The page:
Best Ways to Boost Your Energy and Vitality After 50

6 Healthy Habits for Energy and Vitality After 50

We can't stop the aging process, but we can control how we age. By making healthy choices, we can age with energy, vitality, and live our best lives.

Genes play an important role in how we age, but some of the most essential factors to aging well are within our control. 

Check Your Preconceived Notions At The Door

Our preconceived notions about aging can have a profound impact on our physical and mental health. We are bombarded with messages from the media and society about how we should look, act, and feel as we age. These messages can lead us to believe that aging is a time of decline and loss of vitality.

However, the truth is that aging is a natural process, and it is possible to age with good health, energy, and vitality. When we let go of our preconceived notions about aging, we can open ourselves up to new possibilities and opportunities. We can embrace our age and all that it brings, and we can live our lives to the fullest.

Exercise Brain Aerobics

Physical exercise is great for boosting energy levels, but did you know that mentally stimulating activities can do the same?

Studies have shown that regularly engaging in activities like doing puzzles, prayer/meditation, journaling, and learning a new language can slow and even reverse mental decline. This is because these activities help to keep your brain active and engaged.

So if you're looking for a way to boost your energy levels, vitality, and improve your cognitive function, start exercising your brain today!

Get Your Fix of Folate

Folate and Folic Acid are used interchangeably and are both forms of Vitamin B9. Davide Mischoulon, M.D., Ph.D., assistant psychiatry professor at Harvard Medical School, conducted research that revealed an association between inadequate levels of folic acid and an increased risk of dementia and depression. 

To ensure you get enough folate in your diet, load up on foods like leafy green veggies, citrus fruits, dried peas, and beans. Subtle signs of folate deficiency include digestive disorders, headaches, irritability, and forgetfulness. The FDA recommends 400 micrograms of Folate daily.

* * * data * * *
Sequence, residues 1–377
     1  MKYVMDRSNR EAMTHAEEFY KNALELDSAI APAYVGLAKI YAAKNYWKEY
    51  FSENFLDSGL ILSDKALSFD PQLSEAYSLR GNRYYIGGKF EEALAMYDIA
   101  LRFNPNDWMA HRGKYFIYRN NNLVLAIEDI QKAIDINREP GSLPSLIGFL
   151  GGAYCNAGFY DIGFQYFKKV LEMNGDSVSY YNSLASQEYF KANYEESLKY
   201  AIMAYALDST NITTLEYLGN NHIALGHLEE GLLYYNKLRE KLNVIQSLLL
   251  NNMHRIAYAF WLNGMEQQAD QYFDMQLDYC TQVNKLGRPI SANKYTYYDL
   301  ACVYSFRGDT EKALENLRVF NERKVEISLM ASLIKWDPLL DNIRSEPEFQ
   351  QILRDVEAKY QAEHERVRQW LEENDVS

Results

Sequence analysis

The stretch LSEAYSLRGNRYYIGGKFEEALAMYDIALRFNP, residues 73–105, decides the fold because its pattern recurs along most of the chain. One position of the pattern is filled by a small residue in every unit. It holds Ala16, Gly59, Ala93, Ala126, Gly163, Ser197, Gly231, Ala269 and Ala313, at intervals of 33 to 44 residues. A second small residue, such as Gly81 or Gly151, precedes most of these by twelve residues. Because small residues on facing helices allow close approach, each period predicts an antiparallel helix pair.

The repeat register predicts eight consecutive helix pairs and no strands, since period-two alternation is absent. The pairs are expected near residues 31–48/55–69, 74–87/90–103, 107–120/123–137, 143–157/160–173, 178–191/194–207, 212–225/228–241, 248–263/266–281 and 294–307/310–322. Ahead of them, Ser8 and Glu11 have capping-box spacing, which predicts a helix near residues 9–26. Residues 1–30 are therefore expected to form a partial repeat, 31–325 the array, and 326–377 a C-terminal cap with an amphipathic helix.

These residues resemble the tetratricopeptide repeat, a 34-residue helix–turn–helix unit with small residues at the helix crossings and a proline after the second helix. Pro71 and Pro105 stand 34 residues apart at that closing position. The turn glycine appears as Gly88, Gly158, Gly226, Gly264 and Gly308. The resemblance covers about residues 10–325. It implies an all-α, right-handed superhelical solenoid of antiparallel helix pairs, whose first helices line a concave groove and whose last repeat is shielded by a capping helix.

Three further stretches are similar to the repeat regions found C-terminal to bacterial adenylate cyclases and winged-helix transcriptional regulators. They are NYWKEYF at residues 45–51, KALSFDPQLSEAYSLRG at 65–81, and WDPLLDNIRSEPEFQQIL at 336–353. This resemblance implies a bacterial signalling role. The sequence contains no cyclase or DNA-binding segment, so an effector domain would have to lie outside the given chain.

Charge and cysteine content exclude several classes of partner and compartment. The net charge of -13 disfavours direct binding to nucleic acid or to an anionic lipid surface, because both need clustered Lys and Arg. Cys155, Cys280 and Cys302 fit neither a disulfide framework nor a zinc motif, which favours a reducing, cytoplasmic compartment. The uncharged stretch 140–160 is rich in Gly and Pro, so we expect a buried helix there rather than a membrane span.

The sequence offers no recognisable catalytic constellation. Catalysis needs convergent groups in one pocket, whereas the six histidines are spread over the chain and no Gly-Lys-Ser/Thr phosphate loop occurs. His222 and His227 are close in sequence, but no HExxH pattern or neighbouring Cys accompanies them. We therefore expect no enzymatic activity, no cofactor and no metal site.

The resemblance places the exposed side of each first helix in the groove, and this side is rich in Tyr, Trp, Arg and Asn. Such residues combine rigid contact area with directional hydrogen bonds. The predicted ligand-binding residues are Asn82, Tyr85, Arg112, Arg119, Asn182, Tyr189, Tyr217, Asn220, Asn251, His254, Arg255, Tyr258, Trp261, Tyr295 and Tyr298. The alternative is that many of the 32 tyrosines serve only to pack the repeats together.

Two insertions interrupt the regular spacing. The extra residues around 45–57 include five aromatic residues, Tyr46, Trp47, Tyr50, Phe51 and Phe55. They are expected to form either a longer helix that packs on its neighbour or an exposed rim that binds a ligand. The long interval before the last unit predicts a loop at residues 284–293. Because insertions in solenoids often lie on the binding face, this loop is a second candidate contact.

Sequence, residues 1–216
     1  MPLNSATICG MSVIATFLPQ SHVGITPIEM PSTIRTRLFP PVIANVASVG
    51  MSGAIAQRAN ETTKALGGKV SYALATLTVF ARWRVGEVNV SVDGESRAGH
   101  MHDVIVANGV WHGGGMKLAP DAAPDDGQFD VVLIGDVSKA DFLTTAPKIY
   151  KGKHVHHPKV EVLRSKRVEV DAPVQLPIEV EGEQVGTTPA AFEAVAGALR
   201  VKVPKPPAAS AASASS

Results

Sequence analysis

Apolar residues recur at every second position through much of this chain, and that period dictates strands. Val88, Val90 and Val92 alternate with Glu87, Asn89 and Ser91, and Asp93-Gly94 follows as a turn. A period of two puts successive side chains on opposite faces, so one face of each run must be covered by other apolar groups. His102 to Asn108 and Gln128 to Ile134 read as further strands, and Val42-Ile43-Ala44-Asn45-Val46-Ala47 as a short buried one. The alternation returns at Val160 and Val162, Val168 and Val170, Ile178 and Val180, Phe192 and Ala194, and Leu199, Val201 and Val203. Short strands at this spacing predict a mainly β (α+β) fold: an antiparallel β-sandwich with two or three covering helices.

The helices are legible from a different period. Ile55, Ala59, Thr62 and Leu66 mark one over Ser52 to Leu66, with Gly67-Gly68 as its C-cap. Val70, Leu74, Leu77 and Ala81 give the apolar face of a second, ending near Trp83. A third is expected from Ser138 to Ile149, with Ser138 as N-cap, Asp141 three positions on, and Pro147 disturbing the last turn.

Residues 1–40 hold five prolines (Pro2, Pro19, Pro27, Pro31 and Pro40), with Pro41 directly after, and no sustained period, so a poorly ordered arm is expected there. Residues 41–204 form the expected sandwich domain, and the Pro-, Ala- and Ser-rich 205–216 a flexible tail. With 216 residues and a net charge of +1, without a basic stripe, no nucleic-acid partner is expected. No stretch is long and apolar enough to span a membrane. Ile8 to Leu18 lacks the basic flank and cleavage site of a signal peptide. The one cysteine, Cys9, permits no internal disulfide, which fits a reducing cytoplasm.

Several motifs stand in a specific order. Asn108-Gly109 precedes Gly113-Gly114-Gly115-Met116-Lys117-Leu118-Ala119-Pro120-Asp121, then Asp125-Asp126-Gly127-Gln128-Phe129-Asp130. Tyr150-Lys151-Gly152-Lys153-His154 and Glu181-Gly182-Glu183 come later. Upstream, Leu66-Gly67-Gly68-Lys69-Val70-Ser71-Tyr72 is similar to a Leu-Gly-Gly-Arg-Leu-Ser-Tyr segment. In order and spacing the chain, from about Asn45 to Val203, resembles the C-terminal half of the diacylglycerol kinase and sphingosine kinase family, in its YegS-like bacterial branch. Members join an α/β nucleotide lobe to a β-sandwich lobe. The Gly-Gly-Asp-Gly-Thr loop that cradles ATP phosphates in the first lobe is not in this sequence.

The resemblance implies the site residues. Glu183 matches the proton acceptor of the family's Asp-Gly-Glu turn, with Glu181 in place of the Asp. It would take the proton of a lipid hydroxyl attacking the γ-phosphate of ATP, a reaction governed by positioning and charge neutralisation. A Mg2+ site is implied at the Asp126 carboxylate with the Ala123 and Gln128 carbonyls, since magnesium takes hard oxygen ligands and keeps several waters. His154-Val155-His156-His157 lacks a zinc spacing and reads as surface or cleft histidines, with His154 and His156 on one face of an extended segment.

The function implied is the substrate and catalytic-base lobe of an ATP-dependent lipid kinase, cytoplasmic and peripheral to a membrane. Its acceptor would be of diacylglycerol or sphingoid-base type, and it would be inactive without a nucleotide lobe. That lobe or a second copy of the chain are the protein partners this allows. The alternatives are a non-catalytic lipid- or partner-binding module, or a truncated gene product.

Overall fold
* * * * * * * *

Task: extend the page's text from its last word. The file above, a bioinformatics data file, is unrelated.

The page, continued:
Balance Training

Most of us don't think about balance training before our mid-sixties, but it's never too early to add it to our daily routines. Balance training is for everyone at any age.

Balance training involves doing exercises that strengthen the muscles that help keep you upright, including your legs and core. These kinds of exercises can improve stability and help prevent injuries and falls. They can also improve your posture, an important factor for better aging. 

Practice Perfect Posture 

Good posture at any age is important but even more so after 50. Poor posture often stems from our habits of working in front of a computer, slouching on a couch while watching TV, or looking down at a smartphone. 

The consequences of poor posture are your center of gravity goes forward, increasing your chances of falling. It can also cause back or neck pain and headaches.


posture chair exercise

Here's a simple exercise to improve posture. Sit up straight facing sideways in a chair. Clasp your hands behind you, locking your fingers so your palms face you. Lift your hands upward to the point of tightness. Hold 10 seconds and return to the starting position. Repeat two to four times. 

Practicing good posture opens up the airways and allows for deeper breathing, which can lead to increased energy levels.

Poor posture restricts your breathing, making it difficult to take in enough oxygen, which can lead to fatigue.


Maintain a Positive Attitude

The single most important factor to better aging is cultivating a positive outlook.

How do you maintain a positive attitude? It's all about outlook. Begin by accepting that nothing in life is permanent, and try to look for the silver lining in every situation. 

A great attitude can help you enjoy the aging process with renewed energy and vitality.